We will discover throughout the book of Acts that obeying these last commands of Jesus was of principal importance to the apostles. It may not seem so important, but many great thinkers have greatly misunderstood and misinterpreted the events that follow because they do not use these statements as the foundation of the book of Acts. Luke has recapped his gospel account of the ascension with this new information for just this reason: Acts will not make sense if we do not use this chapter as the bedrock of our understanding. In fact, I believe many Western Christians have strayed far from biblical Christianity because they do not take to heart the message Luke is trying to convey starting here in chapter one.

After Jesus is taken into heaven we meet two angels who appear from no where. They tell the disciples that Jesus will return in the same way that He left. We understand that they mean in the clouds.

7“Look, he is coming with the clouds,”
and “every eye will see him,
even those who pierced him”;
and all peoples on earth “will mourn because of him.”
So shall it be! Amen.

Revelation 1:7

Upper Room Prayer Meeting

After the apostles returned to Jerusalem we find that they are staying in an “upper room” together. It must have been a large upper room because it held at least 120 people (v 15). Peter addressed the group and said they must replace Judas with another to take his apostolic position. Under inspiration, Peter understands that the book of Psalms had spoken of Judas and that they must replace him.

They cast lots to replace Judas. This is the last time we will see God’s people using this practice. No one today fully understands what casting lots entailed or how it was carried out, but one thing is for sure: the practice was very soon going to be unnecessary. God said He would speak in cast lots (Proverbs 16:33), but very soon He will begin speaking so clearly through the Holy Spirit that the practice is never mentioned again in scripture.

Matthias, someone who had been a faithful follower of Jesus since the time of John the Baptist, was chosen. We haven’t heard of Matthias before, and we never will again, but oh, what an honor! Though his name is only mentioned briefly here, we will forever know him as having one of the twelve foundations of the walls of the eternal Jerusalem laid in his honor (Revelation 21:14).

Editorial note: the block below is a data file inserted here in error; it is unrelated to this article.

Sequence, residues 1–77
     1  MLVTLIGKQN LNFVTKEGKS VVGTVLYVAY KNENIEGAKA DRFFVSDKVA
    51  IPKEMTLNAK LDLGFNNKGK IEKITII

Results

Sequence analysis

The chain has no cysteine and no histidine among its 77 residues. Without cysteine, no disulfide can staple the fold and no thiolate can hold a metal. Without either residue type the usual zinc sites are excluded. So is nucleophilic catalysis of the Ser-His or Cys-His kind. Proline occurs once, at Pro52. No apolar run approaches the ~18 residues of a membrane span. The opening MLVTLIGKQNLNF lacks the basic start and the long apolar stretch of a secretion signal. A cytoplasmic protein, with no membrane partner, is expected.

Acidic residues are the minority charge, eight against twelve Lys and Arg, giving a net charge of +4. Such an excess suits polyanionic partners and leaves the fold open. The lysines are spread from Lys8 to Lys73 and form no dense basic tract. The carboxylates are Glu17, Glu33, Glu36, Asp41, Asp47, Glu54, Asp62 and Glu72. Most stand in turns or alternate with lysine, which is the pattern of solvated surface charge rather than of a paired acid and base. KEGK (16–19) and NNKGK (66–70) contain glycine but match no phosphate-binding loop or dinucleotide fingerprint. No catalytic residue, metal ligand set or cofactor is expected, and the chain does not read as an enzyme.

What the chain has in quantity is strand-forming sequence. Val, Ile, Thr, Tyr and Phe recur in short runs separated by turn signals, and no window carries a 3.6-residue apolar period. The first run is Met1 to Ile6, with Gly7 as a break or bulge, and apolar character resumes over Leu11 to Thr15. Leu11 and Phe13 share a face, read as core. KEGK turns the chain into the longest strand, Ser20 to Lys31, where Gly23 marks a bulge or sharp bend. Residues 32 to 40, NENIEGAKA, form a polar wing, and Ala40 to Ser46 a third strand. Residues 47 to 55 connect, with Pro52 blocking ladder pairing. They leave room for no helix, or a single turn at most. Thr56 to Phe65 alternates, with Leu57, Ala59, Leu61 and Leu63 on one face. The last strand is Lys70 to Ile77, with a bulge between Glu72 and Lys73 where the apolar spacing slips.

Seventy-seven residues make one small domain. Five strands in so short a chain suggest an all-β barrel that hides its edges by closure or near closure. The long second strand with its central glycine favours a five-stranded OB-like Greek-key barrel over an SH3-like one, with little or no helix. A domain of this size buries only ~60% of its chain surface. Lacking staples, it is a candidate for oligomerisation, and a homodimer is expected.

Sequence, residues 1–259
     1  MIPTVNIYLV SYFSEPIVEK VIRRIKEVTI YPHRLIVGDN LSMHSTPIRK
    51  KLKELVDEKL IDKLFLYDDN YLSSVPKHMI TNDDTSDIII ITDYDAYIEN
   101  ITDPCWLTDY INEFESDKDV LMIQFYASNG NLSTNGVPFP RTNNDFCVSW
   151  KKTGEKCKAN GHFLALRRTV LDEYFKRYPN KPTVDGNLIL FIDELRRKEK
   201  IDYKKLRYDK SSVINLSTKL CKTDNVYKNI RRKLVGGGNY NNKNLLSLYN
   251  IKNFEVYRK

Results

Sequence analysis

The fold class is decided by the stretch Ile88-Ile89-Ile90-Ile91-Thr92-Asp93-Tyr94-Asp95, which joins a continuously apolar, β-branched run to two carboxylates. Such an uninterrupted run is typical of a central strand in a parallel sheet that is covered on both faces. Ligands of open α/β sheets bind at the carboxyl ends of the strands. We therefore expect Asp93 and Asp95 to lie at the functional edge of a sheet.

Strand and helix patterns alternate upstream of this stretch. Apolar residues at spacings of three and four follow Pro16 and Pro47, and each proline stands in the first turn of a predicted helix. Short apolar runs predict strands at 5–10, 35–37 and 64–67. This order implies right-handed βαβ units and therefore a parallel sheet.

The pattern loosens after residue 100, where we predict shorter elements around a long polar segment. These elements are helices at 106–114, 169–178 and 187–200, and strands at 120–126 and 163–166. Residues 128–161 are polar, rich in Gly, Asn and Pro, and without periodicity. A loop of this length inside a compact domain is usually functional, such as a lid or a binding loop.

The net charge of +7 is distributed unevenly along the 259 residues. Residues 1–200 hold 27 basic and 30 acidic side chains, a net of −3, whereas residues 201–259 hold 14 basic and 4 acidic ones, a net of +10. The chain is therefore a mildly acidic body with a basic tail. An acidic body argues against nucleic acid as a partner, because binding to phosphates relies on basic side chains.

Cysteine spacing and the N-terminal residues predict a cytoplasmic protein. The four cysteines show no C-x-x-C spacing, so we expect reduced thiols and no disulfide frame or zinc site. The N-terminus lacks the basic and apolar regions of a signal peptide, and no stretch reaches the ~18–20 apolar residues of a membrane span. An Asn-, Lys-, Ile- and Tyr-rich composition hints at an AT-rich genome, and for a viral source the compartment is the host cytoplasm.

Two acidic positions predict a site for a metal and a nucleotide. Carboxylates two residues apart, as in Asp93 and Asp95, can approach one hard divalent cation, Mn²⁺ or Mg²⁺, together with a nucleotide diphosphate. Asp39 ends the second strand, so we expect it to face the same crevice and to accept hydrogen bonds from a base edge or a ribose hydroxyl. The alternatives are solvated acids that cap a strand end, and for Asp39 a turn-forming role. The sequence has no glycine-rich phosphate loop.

Throughout Acts we will be reminded of many of the themes that Luke has intentionally begun here in chapter one. If we do not see obedience to the commands of Jesus listed in this chapter as a primary motivator for many of the events in Acts, we will misunderstand or misinterpret them.

Read, pray and meditate over this chapter. Make sure you have read it several times so that it is in your heart. Without understanding the clear themes we’ve introduced in Acts chapter one, many things in Acts will not make sense.


  1. What was Jesus’ last command to the apostles? Why do you think He saved this one for last?
  2. What was the apostles’ last question for Jesus? Why do you think they asked this?
  3. Why is Jesus’ response to their last question so interesting?
  4. How many disciples gathered in Jerusalem? How long? What do you think it was like meeting with them? How do you think they did it?
  5. Why was it important to replace Judas? Why do you think we never hear of lots again after this?